In a long meeting full of sharp words and a hefty agenda, Eureka Springs City Council agreed Monday night to buy new heat pumps for the Auditorium and to require new construction projects in commercial zones to go through the Planning commission for approval as part of the application process.
CAPC Special Events Coordinator Ray Dilfield appeared before the council to explain the situation with the heating system. "As you know," he said, "the heat exchangers in the Auditorium have turned to swiss cheese, whether because of age or water quality. We have no heat currently in the building except for a small gas furnace in the basement. We've had it running constantly the past few days to try to keep minimal heat in the building."
Dilfield compared the heat exchangers to enormous car radiators and said in the last year both had needed repair but were too worn out to fix.
"We contacted a number of contractors before finding one who would consider the job," he said. "In the process of examining the hot water system [the boiler that heats the water to heat the air to heat the building], they discovered a number of code violations from when the original boiler was installed. So over and above fixing the system, we have to bring it all into compliance."
Dilfield said for $74,589, the old system could be removed and a new system installed.
Alderman Karen Lindblad suggested the funds be taken from the CAPC's budget, citing state statute requiring a city's CAPC to maintain tourist promotion facilities.
Alderman James DeVito, who is also a CAPC commissioner, objected vigorously. "The CAPC has no reserves, but the city does," he said. "When you take away the resources form the engine that is driving our economy, you will hinder their ability to generate more revenue."
Lindblad responded charging the CAPC with the repairs "might be a good move because the state says it is." She explained the improved tax revenues as being the result of food prices going up. "I really get tired of the CAPC [saying] all they're supposed to be doing is advertising, with really not much responsibility for the Auditorium, even though the state says they are," she said.
Devito argued time was of the essence in fixing the problem regardless of who paid for what. "If we don't get the ball moving, we have a problem," he said. "Shows are scheduled and there is no heat. We are responsible to those bookings. At the end of the year we can re-distribute funds if we need to, but now we just need to get it fixed."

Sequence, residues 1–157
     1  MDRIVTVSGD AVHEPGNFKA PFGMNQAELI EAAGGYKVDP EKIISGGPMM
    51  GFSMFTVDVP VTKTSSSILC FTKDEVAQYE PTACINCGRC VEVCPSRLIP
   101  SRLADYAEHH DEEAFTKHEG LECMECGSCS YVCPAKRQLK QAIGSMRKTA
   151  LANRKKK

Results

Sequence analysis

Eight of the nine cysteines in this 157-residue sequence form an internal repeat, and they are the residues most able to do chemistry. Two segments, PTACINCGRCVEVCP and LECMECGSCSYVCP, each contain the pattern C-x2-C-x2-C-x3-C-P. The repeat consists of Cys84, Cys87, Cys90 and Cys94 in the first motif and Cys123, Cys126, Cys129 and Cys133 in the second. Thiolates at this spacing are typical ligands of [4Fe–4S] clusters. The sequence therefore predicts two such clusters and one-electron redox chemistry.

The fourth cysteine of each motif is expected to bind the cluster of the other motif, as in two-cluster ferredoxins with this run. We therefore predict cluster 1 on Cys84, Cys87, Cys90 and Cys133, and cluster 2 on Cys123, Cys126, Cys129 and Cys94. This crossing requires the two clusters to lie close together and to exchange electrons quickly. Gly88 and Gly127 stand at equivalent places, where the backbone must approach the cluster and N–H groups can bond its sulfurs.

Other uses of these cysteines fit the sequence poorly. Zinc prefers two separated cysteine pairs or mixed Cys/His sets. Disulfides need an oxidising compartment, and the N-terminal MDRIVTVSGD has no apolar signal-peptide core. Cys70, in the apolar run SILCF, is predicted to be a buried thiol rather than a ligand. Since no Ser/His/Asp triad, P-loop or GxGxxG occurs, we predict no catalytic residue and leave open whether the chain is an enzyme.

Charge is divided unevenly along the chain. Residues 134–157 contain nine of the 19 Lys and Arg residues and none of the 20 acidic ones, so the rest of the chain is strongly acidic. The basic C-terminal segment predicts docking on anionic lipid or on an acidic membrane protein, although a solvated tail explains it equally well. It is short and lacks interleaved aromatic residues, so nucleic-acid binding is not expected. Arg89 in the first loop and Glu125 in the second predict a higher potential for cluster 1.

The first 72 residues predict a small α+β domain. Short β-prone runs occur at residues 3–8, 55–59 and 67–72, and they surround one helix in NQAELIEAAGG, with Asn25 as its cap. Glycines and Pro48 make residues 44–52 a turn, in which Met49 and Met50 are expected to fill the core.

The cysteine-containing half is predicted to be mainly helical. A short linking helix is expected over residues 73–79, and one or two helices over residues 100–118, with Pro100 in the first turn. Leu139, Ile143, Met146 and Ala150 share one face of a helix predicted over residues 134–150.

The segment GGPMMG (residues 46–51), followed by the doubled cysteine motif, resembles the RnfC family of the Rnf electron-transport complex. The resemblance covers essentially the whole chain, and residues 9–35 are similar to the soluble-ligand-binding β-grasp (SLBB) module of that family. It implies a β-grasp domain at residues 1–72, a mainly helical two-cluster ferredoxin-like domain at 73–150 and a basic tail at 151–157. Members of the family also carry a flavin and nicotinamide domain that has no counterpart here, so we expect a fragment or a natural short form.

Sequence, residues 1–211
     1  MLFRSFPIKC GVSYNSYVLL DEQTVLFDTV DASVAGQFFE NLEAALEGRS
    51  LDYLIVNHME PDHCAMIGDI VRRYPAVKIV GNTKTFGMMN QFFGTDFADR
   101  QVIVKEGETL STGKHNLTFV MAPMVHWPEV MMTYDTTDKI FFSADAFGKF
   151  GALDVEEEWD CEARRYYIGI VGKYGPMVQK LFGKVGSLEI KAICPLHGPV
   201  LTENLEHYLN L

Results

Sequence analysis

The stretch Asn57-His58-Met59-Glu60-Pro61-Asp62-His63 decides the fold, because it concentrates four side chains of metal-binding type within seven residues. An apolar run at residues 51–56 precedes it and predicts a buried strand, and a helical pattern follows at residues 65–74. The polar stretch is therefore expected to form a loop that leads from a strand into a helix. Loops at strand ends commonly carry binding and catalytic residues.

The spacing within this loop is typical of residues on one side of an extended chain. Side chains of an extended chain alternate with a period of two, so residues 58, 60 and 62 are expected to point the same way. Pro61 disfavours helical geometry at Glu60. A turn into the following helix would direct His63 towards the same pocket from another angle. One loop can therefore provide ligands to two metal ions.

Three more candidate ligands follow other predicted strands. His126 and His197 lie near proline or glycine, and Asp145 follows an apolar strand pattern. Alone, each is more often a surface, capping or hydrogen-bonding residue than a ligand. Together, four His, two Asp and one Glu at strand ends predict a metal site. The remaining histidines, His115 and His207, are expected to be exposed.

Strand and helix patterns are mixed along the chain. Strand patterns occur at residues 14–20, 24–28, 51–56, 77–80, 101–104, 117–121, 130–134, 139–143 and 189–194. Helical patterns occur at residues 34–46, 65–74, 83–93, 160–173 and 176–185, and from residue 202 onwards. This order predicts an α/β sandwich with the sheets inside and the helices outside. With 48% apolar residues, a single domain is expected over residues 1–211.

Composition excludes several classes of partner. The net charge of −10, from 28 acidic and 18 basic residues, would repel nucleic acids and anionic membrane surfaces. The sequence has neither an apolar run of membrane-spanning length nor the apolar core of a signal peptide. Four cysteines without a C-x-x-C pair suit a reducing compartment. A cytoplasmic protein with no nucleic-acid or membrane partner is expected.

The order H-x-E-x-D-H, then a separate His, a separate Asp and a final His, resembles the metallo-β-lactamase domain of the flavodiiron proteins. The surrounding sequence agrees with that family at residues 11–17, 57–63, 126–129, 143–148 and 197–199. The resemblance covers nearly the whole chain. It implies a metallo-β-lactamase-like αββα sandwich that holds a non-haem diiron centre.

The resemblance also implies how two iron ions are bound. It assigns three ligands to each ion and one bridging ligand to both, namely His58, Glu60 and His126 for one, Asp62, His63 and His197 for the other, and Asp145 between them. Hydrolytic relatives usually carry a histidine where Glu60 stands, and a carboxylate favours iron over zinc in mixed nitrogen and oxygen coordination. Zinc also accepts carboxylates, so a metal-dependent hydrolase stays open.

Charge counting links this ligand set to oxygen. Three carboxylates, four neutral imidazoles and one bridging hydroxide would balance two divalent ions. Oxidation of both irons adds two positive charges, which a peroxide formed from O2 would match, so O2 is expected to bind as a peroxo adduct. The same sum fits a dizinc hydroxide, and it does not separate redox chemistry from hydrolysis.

Assured by Eureka Springs Finance Director Lonnie Clark that the city had enough money in its emergency fund to cover the cost of the repairs, Alderman Ken Pownall made a motion for two resolutions, one to waive competitive bidding on the repairs in the interest of time, and one to put $100,000 toward repair of the Auditorium. The extra $25,411 would go toward bringing the building back into code and other incidental fees and costs.
Planning ordinance proceeds
By a 5-1 vote, council assigned a number to an ordinance requested by the Planning commission. Ordinance #2161 amends the process by which permits are issued for construction, demolition, and other similar activity in commercial zones.
In addition to requiring a building permit through Eureka's Building Inspector Bobby Ray, applicants must submit their requests to Planning for consideration.
Only Alderman Butch Berry, an architect, disagreed with the ordinance. "Reviewing architectural plans for conformity to building codes is something the commissioners on Planning won't necessarily be qualified to do, as a rule," Berry said. "But the building inspector does know. That's why everything goes to Bobby Ray. So he can review it against code. Planning can review for appropriateness and so forth within their guidelines, but not the rest."
The proposed ordinance will undergo two more readings before the vote is actually taken to make it law.
Business license moratorium extended
Council continued debating the issue of weekly rentals in residential areas. A moratorium on issuing new business licenses for rentals, until council can resolve the specifics of the issue, was due to expire Oct. 22.
Commissioner Lany Ballance expressed her concern for people in need of such lodging facilities. "A lot of people do weekly rentals to 'try out' Eureka Springs to see if they want to move here permanently," she said. "Or there are laborers who just need a temporary place. There are several reasons for weekly rentals to exist, and these people asked me to bring their concerns forward."
Lindblad argued against these rentals. "My constituents have a right not to have these things in their neighborhoods," she said. "People want to know their neighbors, not live next door to something that is basically like a motel. I don't know that we have a shortage of weekly rentals in town at all."
In the end, council agreed to extend the moratorium another 60 days, to give them further time to work the issue out.
After long debate, City Council members voted 5-1 to ask the chief of police to appear before them at the next meeting to discuss his budget for his staff and explain the minimum number of officers he needed to do the job.
The next City Council meeting will be Oct. 22.